THAILAND

ราชอาณาจักรไทย
Racha-anachakra Thai
Kingdom of Thailand

Head of State: His Majesty King Bhumibol Adulyadej
Head of Government: Prime Minister Surayud Chulanont
Capital: Bangkok
Type of Government: Parliamentary democracy with constitutional monarch
Next election: Upper House (due in April 2006)
Lower House (due in February 2009)
Land area: 513,254 sq.km
Population: 64,470 thousands (2003)
Language: Thai
Religion: Buddhism, Islam
Currency: Baht
US$ exchange rate on 1 December 2005: US$ 1 = 41.24 baht
GDP: US$ 143,303 million (2003) at current market prices
Major Industries: Electronics, gems/jewelry, footwear, textiles, clothing
Major Exports: Textiles, computer & components, integrated circuits and parts, gems and jewelry, footwear
Major Imports: Industrial machinery, iron & steel electrical machinery & parts, chassis body

Thailand is home to several distinct geographic regions, partly corresponding to the provincial groups. The north of the country is mountainous, with the highest point being Doi Inthanon at 2,576 m. The northeast consists of the Khorat Plateau, bordered to the east by the Mekong river. The centre of the country is dominated by the predominantly flat Chao Phraya river valley, which runs into the Gulf of Thailand. The south consists of the narrow Kra Isthmus that widens into the Malay Peninsula.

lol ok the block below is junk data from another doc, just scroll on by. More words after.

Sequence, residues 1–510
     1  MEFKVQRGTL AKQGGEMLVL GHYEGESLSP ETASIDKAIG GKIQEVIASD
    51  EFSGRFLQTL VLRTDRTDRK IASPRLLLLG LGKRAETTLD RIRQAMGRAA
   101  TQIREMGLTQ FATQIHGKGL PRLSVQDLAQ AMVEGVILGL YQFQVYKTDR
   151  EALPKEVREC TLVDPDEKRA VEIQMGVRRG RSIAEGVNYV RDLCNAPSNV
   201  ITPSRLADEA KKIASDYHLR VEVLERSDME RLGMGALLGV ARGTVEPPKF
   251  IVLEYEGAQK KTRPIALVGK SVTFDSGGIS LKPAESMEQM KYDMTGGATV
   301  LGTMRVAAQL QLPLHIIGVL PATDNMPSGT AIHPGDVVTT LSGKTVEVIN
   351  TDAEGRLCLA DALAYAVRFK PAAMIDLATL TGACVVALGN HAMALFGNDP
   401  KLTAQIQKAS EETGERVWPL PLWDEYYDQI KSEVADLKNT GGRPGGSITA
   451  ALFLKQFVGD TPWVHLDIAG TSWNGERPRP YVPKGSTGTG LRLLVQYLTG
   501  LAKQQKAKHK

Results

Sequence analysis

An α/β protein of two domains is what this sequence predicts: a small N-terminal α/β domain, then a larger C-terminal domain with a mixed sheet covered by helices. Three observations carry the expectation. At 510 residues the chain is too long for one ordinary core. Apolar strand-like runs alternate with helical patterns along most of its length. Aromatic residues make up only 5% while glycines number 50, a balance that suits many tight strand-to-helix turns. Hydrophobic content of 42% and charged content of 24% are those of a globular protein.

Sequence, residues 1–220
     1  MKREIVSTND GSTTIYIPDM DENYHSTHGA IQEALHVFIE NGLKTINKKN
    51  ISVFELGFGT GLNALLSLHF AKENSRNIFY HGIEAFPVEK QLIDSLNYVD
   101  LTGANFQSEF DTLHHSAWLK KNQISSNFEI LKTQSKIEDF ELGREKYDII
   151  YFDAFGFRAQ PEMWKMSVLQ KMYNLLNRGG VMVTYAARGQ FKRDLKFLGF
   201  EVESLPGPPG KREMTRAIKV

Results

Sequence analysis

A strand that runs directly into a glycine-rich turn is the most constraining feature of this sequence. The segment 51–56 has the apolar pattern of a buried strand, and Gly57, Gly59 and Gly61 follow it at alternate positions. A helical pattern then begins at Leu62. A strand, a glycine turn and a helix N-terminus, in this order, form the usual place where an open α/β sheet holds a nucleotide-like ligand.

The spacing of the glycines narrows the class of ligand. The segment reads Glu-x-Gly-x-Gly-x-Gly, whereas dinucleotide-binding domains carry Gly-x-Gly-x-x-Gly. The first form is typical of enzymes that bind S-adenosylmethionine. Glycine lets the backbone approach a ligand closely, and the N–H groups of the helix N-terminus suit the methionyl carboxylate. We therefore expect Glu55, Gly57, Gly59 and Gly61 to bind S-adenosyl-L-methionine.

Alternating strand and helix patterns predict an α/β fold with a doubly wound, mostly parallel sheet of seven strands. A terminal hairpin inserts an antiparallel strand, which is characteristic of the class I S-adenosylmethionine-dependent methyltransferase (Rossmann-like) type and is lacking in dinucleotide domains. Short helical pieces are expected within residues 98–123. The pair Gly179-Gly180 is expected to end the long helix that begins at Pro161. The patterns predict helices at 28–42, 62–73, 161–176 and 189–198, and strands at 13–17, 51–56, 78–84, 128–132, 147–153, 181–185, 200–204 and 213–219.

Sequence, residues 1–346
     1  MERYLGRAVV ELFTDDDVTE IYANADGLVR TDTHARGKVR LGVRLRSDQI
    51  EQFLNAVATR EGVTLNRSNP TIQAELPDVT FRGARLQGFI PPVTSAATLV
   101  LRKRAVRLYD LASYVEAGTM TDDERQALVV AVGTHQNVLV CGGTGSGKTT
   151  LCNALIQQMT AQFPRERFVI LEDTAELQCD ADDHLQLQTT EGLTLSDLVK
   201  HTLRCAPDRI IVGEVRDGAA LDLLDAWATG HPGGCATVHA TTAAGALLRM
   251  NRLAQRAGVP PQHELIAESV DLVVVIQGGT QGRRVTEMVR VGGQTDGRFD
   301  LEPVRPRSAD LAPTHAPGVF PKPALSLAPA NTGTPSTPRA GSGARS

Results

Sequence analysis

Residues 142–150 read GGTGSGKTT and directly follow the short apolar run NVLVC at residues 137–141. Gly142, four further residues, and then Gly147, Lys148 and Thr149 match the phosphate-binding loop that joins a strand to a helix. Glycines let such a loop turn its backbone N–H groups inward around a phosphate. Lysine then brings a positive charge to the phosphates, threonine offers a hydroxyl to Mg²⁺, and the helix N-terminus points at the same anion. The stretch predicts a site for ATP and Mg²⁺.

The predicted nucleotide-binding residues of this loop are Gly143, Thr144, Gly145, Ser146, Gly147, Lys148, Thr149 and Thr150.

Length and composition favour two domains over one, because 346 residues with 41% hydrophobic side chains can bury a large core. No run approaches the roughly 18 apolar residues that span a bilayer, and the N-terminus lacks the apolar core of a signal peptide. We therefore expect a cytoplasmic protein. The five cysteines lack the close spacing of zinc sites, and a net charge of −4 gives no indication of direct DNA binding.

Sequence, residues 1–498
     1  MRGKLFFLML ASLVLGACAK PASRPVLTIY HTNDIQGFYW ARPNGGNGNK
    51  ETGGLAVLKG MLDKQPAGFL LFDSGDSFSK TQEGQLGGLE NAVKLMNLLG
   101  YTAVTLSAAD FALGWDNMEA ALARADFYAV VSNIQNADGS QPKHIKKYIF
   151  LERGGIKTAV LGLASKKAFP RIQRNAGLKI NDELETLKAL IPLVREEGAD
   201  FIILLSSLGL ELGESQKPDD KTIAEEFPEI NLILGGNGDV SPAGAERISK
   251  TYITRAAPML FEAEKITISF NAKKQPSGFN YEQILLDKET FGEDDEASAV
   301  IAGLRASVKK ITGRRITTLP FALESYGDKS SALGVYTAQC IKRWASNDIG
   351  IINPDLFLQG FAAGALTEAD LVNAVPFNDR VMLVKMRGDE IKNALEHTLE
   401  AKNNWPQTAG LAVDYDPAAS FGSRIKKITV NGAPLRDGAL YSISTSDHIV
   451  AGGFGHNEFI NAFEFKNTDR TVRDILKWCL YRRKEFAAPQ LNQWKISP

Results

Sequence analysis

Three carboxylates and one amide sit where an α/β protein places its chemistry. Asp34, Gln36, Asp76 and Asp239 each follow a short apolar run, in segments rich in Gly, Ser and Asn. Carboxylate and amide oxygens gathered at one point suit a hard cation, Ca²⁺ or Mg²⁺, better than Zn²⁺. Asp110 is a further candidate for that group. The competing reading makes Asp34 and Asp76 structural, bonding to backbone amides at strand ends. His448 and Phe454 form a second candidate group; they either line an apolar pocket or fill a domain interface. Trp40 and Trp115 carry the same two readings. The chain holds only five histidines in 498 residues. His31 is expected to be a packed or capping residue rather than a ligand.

Thailand is divided into 75 provinces (จังหวัด, changwat), which are gathered into 5 groups of provinces by location.
There are also 2 special governed districts: the capital Bangkok (Krung Thep Maha Nakhon in Thai) and Pattaya. However Pattaya is still part of Chonburi Province.
Some Thai people still count Bangkok as one province, making Thailand a 76-province country. Each province is divided into smaller districts – as of 2000 there are 795 districts (อำเภอ, amphoe), 81 sub-districts (กิ่งอำเภอ, king amphoe) and 50 districts of Bangkok (เขต, khet). However, some parts of the provinces bordering Bangkok are referred to as Greater Bangkok (ปริมณฑล, pari monthon). These Provinces include Nonthaburi, Pathum Thani, Samut Prakan, Nakhon Pathom, Samut Sakhon. The name of each capital city (เมือง, mueang) is the same as that of the province: for example, the capital of Chiang Mai province (changwat Chiang Mai) is amphoe Mueang Chiang Mai. The 75 provinces are as follows: